Mr Whittingham said it was a common tactic for cybercriminals to use natural disasters as a way to take advantage of vulnerable people and businesses.
“Time and time again, following a significant event or natural disaster, we see an increase in people being duped by scams, for example, after the devastating 2020 bushfires.”
The Australian Competition and Consumer Commission’s (ACCC) Scamwatch has some tips on how individuals can spot fake documents and emails.
HOW TO SPOT A FAKE DOCUMENT
Some of the warning signs a document is not legitimate are the use of poor presentation, grammar and spelling.
The document will usually be generic, rather than contain a personal greeting or letterhead, Scamwatch flagged.
“Documents such as flight itineraries and bank statements have simple, uncomplicated layouts even when they are legitimate because such businesses allow their customers to print online statements.
“This means that scammers can easily create fake documents by using information available online such as company logos and graphics from websites.”
HOW TO SPOT A FAKE EMAIL
Scammers will utilise similar logos and designs as a legitimate business or organisation to make them more official-looking, according to Scamwatch.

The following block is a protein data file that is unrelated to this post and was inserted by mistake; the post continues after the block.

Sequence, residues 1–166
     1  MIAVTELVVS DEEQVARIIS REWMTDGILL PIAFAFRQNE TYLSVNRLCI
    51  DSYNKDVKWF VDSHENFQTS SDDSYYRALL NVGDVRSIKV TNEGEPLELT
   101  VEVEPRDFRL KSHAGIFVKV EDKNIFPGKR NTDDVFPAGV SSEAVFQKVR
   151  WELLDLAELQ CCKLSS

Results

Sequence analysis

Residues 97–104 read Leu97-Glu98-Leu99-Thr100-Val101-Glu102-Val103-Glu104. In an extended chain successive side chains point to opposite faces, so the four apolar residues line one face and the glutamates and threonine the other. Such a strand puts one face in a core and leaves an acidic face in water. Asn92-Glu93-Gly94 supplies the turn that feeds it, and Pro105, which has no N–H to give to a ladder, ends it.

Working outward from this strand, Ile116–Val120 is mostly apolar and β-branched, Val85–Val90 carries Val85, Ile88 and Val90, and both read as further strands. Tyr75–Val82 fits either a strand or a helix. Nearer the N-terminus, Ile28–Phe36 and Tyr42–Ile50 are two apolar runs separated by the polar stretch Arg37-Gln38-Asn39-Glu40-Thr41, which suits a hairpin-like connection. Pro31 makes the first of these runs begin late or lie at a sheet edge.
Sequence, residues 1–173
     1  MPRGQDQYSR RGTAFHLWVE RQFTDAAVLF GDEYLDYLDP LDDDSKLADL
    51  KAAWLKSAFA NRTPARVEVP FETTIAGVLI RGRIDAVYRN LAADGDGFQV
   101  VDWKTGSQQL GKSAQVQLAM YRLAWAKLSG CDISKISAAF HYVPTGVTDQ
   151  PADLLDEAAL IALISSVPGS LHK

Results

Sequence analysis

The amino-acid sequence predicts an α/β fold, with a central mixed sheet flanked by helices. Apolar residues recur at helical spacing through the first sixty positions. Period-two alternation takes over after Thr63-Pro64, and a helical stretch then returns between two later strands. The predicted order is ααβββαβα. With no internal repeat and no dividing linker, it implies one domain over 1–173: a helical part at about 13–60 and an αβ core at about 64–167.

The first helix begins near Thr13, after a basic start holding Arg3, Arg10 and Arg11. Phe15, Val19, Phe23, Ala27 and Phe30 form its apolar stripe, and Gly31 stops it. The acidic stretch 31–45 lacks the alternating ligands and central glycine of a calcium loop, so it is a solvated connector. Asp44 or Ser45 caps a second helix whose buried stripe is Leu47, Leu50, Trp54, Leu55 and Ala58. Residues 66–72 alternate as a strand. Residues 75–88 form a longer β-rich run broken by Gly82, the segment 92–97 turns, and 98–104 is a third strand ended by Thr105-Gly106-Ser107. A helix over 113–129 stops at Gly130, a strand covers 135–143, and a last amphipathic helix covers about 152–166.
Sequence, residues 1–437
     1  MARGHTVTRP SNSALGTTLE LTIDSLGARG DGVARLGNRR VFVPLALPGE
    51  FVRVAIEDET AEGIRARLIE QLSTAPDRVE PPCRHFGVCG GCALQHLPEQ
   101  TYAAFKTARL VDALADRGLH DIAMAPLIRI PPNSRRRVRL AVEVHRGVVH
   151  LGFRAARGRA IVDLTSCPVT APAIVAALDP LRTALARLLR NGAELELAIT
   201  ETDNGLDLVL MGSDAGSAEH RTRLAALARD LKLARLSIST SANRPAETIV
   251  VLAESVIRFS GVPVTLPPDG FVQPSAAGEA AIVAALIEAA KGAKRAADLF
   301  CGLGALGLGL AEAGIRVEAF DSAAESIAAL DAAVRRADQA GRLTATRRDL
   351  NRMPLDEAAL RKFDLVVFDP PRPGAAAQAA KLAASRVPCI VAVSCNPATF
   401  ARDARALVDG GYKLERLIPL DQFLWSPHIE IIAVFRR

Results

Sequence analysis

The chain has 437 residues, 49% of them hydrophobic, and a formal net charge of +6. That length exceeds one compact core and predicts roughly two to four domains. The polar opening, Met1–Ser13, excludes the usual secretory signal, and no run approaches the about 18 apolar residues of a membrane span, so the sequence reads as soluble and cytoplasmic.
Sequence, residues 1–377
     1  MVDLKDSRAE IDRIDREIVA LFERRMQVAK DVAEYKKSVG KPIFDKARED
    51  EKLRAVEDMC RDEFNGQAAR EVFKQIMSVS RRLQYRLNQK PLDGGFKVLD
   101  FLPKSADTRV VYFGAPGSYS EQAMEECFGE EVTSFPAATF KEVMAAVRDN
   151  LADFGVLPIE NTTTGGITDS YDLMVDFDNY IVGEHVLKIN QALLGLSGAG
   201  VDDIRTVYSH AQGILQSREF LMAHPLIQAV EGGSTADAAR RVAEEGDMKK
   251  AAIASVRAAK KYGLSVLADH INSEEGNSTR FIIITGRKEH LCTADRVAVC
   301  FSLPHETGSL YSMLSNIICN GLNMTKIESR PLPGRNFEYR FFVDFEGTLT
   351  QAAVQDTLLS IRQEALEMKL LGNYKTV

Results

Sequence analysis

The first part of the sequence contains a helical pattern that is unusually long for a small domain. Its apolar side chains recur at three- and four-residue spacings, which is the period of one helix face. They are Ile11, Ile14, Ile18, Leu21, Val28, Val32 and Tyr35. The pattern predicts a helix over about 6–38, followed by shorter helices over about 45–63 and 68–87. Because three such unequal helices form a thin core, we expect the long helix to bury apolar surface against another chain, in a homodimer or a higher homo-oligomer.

The best way to combat a fake email is to question any coming from an organisation you’re not expecting to hear from.
“If you’re not expecting an email, always be alert to a fake before clicking on any links or opening any attachments,” Scamwatch said.
To decrease your risk of falling victim to a scam amid the flood crisis, Mr Whittingham advised small business owners to exercise a greater degree of caution.
“Be wary of unexpected calls or emails. Be cautious of anyone claiming to be from a reputable organisation and stop to consider what they are asking for,” the bank advises.
“If in doubt, ask for a reference number and call back on a number publicly listed to confirm the call was genuine.”